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Foreign-language services available to visitors

[ 2010-07-19 12:57]     字号 [] [] []  
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The Shanghai municipal public security bureau has launched foreign-language services to assist overseas visitors to Shanghai during the Expo.

The emergency police hotline 110, which formerly provided only Chinese-language services, is now offering services in nine foreign languages. These are: English, Japanese, Russian, German, French, Spanish, Arabic, Korean and Italian.

Police officers fluent in foreign languages have also been dispatched to airports, railway stations, seaports and bus stations. These officers will offer services in five languages and will help foreign visitors hoping to travel in China, said Tang Haixing, director of the port department of the Expo security office.

Railway police have assigned 24 English-speaking officers to Shanghai Railway Station and Shanghai South Railway Station.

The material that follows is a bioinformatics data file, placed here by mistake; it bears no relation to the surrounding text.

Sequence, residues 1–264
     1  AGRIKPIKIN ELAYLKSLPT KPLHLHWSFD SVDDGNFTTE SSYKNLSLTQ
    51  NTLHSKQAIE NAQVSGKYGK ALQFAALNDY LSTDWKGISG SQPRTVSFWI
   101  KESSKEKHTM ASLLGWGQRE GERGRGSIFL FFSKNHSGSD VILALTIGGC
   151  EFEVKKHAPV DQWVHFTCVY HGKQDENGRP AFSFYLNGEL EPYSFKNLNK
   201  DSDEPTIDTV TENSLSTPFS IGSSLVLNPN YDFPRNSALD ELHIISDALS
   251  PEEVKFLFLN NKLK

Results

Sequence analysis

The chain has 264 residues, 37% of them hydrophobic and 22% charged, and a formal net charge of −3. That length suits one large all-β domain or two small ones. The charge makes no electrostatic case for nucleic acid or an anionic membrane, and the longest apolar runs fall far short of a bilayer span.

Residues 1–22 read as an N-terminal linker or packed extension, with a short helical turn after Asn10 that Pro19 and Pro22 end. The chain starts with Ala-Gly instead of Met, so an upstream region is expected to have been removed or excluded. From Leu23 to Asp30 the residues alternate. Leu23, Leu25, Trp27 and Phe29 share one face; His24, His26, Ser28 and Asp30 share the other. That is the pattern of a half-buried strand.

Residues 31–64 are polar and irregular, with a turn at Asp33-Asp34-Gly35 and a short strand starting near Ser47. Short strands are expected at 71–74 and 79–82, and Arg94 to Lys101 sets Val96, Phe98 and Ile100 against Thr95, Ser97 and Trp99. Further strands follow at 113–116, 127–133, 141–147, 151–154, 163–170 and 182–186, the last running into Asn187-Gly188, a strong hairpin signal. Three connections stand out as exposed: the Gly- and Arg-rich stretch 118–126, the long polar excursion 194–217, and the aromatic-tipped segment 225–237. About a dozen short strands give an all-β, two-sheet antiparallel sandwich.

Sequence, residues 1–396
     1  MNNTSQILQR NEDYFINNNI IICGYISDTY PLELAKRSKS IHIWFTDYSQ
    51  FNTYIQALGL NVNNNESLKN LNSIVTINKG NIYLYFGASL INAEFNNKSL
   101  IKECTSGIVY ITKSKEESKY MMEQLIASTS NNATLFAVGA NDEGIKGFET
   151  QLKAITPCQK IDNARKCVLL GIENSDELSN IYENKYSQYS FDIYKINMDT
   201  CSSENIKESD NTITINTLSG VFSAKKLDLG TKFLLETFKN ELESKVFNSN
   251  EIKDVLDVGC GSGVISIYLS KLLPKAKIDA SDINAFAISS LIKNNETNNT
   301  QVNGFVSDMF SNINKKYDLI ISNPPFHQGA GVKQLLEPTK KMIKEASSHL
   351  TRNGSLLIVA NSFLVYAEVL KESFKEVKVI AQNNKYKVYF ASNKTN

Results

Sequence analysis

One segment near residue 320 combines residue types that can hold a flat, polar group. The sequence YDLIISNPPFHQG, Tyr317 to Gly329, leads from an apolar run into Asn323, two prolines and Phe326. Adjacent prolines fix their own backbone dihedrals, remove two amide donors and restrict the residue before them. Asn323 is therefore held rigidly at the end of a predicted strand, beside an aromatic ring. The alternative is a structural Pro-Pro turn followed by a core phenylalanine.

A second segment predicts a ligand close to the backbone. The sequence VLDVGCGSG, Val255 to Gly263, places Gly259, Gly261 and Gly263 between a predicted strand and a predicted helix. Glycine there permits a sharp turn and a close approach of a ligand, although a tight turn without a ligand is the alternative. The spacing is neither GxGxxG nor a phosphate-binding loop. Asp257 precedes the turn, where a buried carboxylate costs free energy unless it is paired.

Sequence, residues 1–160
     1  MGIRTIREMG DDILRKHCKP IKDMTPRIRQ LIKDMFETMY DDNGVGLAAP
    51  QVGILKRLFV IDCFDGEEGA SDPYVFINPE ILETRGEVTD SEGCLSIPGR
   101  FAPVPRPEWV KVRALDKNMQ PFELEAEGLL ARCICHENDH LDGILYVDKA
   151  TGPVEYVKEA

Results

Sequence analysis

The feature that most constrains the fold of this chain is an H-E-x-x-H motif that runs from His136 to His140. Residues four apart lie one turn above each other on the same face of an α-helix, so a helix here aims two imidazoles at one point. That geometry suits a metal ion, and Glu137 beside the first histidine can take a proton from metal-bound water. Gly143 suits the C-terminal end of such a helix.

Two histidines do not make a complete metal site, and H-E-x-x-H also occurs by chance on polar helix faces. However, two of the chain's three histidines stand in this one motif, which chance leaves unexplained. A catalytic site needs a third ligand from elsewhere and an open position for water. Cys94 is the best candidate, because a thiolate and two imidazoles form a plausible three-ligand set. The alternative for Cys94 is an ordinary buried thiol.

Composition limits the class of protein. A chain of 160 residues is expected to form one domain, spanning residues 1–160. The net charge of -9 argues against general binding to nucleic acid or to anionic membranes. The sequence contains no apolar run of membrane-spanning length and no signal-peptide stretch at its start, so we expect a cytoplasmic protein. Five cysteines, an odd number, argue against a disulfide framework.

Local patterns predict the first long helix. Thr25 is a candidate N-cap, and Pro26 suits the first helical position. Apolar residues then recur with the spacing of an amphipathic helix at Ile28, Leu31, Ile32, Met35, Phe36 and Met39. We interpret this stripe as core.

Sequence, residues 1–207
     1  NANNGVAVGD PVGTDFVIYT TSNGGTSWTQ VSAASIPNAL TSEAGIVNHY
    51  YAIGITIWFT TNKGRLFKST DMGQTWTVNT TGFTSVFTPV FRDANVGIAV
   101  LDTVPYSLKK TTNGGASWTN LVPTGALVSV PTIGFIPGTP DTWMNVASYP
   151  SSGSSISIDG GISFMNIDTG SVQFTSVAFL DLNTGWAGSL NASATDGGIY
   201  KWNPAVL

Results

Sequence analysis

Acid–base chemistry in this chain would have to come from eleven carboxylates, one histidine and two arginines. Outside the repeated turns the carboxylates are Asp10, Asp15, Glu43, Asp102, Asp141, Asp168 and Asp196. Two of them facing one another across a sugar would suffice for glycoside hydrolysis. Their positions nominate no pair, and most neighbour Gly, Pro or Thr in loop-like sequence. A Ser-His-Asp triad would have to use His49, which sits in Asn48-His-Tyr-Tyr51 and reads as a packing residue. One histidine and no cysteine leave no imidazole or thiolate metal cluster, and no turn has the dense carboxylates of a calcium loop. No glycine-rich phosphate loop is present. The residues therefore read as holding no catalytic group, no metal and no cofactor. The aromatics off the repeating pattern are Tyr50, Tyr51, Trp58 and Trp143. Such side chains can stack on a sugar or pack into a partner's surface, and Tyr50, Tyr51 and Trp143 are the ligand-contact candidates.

Shanghai's social order has remained stable since May 1, said He He, deputy director of the Expo security office.

Criminal cases have decreased by 43 percent. Traffic and fire accidents have decreased by 29.4 percent and 48.1 percent, He said.

Police have advised visitors to take care of valuables inside Expo Garden, especially in crowded areas.

Zhao Yong, the head of the criminal investigation department of the municipal public security bureau, said 40 percent of visitors who claimed to have lost items believed they had misplaced them in the Garden, while another 40 percent could not remember when and where they had lost their belongings.

"We remind tourists to frequently check to make sure they have their belongings, especially after a meal or when they move from a resting place," Zhao said. "We also encourage visitors to carry their cameras and backpacks in front of them when in large crowds."


(中国日报网英语点津 Helen 编辑)

Foreign-language services available to visitors

About the broadcaster:

Foreign-language services available to visitors

Nelly Min is an editor at China Daily with more than 10 years of experience as a newspaper editor and photographer. She has worked at major newspapers in the U.S., including the Los Angeles Times and the Detroit Free Press. She is fluent in Korean and has a 2-year-old son.